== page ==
The split into the episodes is a bit of a blur since I went thru it so fast. Before he was known as the Golden State Killer (a term I believe McNamara coined), he was EAR/ONS. East Area Rapist and Original Night Stalker. EAR came from his time in Sacramento in the 70’s, where he committed 50 rapes (an unfathomably high number) that escalated with each event. He began with lone women and progressed to holding couples hostage for the extra challenge I guess. He left Sacramento and later appeared in Santa Barbara, this time progressing to full on murdering his victims. After one final kill in 86, he vanished without a trace.

McNamara began her investigation in the mid-late aughts. She had a true crime blog where she would post musings on various unsolved crimes, working together with friends and followers to gather information. She was drawn to the EAR/ONS events and was able to help definitively tie those events together to a single suspect. After writing some well received magazine articles on the subject, she began working on a book. She was never able to finish it. McNamara had gotten so deep down the rabbit hole, she was convinced she could solve the murders with just a little more time and effort. Unfortunately, being in that deep had detrimental effects on her health, including nightmares that kept her up at night. She died in her sleep from an accidental overdose on the pills that she depended on to keep her going. Her collaborators completed the book two years later, and within months he was captured.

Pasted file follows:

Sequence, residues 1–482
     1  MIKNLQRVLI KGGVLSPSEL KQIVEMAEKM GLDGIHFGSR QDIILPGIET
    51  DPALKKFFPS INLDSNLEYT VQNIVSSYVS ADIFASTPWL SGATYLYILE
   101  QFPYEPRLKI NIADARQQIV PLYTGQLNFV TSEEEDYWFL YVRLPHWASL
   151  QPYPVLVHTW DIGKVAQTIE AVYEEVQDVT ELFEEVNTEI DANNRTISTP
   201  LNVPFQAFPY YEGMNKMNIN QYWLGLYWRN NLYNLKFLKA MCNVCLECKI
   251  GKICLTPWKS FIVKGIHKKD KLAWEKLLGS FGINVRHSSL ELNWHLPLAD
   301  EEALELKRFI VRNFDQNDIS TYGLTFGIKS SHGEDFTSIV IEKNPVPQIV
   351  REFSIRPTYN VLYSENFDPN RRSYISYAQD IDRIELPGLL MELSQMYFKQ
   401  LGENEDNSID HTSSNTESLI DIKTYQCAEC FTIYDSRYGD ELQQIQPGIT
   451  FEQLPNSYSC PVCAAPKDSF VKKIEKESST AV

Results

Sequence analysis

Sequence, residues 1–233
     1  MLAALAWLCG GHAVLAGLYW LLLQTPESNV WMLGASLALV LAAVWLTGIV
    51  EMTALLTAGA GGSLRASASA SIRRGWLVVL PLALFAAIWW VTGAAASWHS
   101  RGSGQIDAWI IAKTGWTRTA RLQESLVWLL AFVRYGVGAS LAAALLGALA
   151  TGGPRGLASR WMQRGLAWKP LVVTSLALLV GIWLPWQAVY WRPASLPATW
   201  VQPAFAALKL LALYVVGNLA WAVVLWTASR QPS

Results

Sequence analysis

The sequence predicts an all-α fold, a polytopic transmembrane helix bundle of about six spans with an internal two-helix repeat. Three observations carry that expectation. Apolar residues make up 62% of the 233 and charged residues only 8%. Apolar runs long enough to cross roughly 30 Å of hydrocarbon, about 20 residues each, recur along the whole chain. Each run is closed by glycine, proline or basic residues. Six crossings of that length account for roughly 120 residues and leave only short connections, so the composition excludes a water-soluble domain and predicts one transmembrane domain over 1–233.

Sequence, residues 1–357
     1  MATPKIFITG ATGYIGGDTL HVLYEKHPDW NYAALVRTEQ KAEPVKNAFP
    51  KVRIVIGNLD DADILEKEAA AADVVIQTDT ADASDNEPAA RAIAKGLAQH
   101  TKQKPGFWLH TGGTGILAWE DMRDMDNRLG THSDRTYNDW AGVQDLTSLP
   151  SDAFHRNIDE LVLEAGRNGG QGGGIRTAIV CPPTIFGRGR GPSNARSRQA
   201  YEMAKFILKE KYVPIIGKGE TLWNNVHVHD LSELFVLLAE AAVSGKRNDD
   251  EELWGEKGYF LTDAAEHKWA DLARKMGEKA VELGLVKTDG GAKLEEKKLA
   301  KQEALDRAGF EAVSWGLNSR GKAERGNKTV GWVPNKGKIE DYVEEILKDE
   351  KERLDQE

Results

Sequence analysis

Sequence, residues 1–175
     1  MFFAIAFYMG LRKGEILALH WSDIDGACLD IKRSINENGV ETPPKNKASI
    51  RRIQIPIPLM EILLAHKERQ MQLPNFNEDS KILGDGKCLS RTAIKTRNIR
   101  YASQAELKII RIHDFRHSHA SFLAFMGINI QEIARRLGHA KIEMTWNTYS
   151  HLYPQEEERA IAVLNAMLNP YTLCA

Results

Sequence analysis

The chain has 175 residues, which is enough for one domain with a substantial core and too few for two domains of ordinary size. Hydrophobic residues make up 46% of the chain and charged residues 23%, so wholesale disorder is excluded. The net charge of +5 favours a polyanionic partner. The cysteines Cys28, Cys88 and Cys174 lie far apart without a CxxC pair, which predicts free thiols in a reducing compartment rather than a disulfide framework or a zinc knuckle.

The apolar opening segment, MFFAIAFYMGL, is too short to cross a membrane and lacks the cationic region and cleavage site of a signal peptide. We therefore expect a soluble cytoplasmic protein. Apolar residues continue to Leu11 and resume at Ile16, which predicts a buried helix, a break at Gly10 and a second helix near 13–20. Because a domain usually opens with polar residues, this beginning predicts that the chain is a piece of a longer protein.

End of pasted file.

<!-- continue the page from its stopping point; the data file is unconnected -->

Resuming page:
Heh okay maybe I’ve given too many details on the story itself, but it’s so fascinating. And basically everything I’ve stated, I already knew when I started watching. The series talks to the surviving victims, McNamara’s collaborators, Patton Oswalt, various police officers, and so many other people who were tied in to this horrific story. But it’s really that investigation and the woman behind it that are the truly most fascinating part. Also fascinating was looking at what a different world California was in the 70’s. Thankfully so much of what made it possible for EAR/ONS to get away with years of crimes isn’t as much of a factor today. That little bit of solace is prolly how I was able to get to sleep that night.